Moves from Avalanche Chaser to Front-Runner in NHL Finals

Moves from Avalanche Chaser to Front-Runner in NHL Finals

DENVER – The first game of the Stanley Cup final is described as an opponent who reached the current champion. In the second game, the opponent flew straight into the past.

The Colorado Avalanche, predicted by many a few years ago to climb the ladder to NHL greatness, have two wins left to win the Stanley Cup after beating defending champion Tampa Bay Lightning 7-0 on Saturday. I felt like the next party.

Now the question is: Can the Tampa Bay Rangers revive themselves as they did in the Eastern Conference final after a short 2-0 series lead? Or is the world of hockey witnessing the transfer of power from a dignified but exhausted champion to a young, dynamic team of the future? Was Game 2 an aberration, or did Colorado come in faster than everyone expected?

“They’re playing at an elite level right now, give them credit,” Yildirim coach John Cooper said. “We’re not.”

The hardest part for Colorado is still ahead. The next two games, including Game 3 on Monday night, are at sea level in Tampa, Florida, and for three seasons no team has yet found a way to knock out the champion. Tampa Bay has won 11 consecutive playoffs, but Avalanche has the appearance of a different creature.

Some of the Lightning players who made it to the finals admitted that Colorado would be the best team they would face in this championship race. But they never intended to say that Avalanche was better. Although there are two games in the series, Colorado looks faster, more dangerous, fresher and more loyal.

“There is a fine line between respecting your opponent and over-respecting your opponent,” said Yildirim’s captain Steven Stamkos. “We have to understand that we came here for a reason. Let’s go back to our game and understand that they have an incredible team with great skill in every position. But so do we. Let’s find out what we’re up to when they get home. “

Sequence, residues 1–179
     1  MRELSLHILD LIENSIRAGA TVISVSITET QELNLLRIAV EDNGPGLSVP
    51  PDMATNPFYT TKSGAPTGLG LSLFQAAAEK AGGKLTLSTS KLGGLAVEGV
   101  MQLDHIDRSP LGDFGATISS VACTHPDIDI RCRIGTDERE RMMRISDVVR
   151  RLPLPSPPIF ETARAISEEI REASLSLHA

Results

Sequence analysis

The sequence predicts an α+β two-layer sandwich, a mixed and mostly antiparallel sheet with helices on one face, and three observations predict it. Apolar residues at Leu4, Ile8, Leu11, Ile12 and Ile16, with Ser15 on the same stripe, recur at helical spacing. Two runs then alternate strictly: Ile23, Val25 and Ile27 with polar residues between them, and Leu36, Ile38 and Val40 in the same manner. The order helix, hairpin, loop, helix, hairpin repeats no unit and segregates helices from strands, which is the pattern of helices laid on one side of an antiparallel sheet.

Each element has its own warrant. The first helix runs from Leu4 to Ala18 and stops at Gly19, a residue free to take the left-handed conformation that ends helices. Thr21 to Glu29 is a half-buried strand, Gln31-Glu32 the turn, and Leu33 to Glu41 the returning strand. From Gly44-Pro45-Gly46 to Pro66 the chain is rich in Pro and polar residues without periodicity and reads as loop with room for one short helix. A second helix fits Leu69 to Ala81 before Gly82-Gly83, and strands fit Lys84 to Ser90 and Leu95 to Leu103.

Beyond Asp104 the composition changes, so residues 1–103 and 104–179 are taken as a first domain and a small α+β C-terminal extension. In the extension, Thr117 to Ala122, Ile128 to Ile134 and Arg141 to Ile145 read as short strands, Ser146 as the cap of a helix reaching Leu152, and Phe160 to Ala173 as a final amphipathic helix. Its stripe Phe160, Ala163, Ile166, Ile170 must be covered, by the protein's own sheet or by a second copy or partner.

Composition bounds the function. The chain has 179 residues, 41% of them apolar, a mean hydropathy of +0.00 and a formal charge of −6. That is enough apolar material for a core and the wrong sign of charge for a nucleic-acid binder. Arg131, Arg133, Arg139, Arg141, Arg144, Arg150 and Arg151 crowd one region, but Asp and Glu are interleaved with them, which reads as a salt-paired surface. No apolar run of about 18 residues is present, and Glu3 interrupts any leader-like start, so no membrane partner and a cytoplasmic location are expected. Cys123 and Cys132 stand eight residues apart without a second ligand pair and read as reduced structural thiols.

It is becoming increasingly clear what Colorado consists of. The team, led by world-class game builder Nathan McKinnon and transcendent, puck-moving defender Kyle Makar, also has a crazy support staff. This includes strikers Mikko Rantanen, Andre Burakovsky, Gabriel Landeskog and Valerie Nichushkin, who scored twice in the second game, as well as defender Devon Touz. All of them are under 30 years old.

Yildirim, the second-oldest middle-aged man on any team in the NHL, has relied on his experience over the past few years to outperform his opponents, but it can be a loss to gain all that experience.

Going into the depths of the postseason for two years in a row, Tampa Bay has played more games than any other team during this time, and any possible fatigue can be heightened during the 1st and 2nd Games. Denver sits about a mile above sea level. level may affect Lightning’s output. If so, it may help to return to sea level for Games 3 and 4.

They need it. After the first game in extra time, Yildirim spoke about better understanding how Avalanche played. But it was Colorado that increased its advantage with a new set of achievements.

It became the second team after the 1991 Pittsburgh Penguins to win the Stanley Cup final by more than seven goals, beating the Minnesota Northern Stars 8-0 in Game 6. that year.

Colorado also became the third team to score seven goals four times in a postseason, joining Edmonton Oilers, who did it six times in 1984 and five times in 1985, at a time when goals were being scored faster than they do today.

With Makar scoring twice in Game 2, Avalanche’s blue liners are a record for Colorado defenders with 17 goals (seven by Makar) and 61 points in these playoffs. Makar scored with a short hand and added another goal in the power game, making him the second NHL defender to score on either side of the men’s advantage in the Stanley Cup final. Glenn Wesley of the Boston Bruins did this in 1988 against Edmonton.

Colorado has won seven consecutive playoff games, including sweeping the Oilers in the Western Conference Finals, and is a 7-0 away – a witch who reached peak speed in Game 2 of the Finals.

Avalanche coach Jared Bednar said: “Of course it was close to the perfect game you could get from the players.”

Tampa Bay’s Andrei Vasilevsky, who is usually an excellent goalkeeper, has borne the brunt of the attack, allowing him to score more goals than he ever gave up in a post-season game. Most of it was not his fault. Colorado’s poor pace helped create a number of premium chances, some of which Vasilevsky saved with remarkable agility.

“We hung it up to dry,” Stamkos said. We owe it to him to play better in the next game. “

Vasilevsky has not changed in the playoffs since 2018, 77 games in a row, and Cooper said he has no plans to remove him from Game 2.

“Even if I get out, I don’t think he’ll get out,” Cooper said. “It simply came to our notice then. That’s why he’s the best. “

Stamkos said it was time for all Yildirim players to “stand up” and veteran defender Victor Hedman said the team would deal with it at home. But what surprised Cooper was the lack of momentum against the team that approached him.

Although very different from the Avalanche Rangers, Cooper said Yildirim could use his experience against New York by suddenly reversing the course at home.

“We wrote a story,” Cooper said. “Now we have to write something else.”

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